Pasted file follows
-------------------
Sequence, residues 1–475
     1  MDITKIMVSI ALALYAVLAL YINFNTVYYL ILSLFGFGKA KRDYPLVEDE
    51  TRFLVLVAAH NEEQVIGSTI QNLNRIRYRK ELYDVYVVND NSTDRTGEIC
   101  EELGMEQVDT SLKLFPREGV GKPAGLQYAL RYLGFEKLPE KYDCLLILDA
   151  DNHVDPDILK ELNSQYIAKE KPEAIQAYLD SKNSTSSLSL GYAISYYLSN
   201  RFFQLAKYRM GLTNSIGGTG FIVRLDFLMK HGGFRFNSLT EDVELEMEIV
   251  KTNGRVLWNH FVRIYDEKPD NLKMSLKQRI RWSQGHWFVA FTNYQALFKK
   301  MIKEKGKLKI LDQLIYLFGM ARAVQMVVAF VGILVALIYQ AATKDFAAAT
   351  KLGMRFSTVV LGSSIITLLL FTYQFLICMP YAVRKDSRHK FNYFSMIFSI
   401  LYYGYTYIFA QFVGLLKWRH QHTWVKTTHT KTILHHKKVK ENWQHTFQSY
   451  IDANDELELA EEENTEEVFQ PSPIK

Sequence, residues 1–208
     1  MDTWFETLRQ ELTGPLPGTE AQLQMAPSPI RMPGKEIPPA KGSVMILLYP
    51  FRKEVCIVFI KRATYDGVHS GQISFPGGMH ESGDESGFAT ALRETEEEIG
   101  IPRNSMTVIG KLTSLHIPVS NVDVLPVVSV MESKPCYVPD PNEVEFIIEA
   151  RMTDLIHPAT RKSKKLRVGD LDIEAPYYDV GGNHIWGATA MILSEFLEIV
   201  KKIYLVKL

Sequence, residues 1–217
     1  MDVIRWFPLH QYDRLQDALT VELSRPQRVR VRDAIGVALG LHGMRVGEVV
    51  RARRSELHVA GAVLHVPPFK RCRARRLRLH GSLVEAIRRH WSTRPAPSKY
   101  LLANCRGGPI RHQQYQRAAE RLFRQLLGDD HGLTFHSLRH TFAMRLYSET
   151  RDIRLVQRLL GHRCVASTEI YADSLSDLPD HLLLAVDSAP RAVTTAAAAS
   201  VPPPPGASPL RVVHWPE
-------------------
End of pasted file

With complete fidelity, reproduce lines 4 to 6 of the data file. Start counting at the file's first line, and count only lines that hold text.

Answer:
   101  EELGMEQVDT SLKLFPREGV GKPAGLQYAL RYLGFEKLPE KYDCLLILDA
   151  DNHVDPDILK ELNSQYIAKE KPEAIQAYLD SKNSTSSLSL GYAISYYLSN
   201  RFFQLAKYRM GLTNSIGGTG FIVRLDFLMK HGGFRFNSLT EDVELEMEIV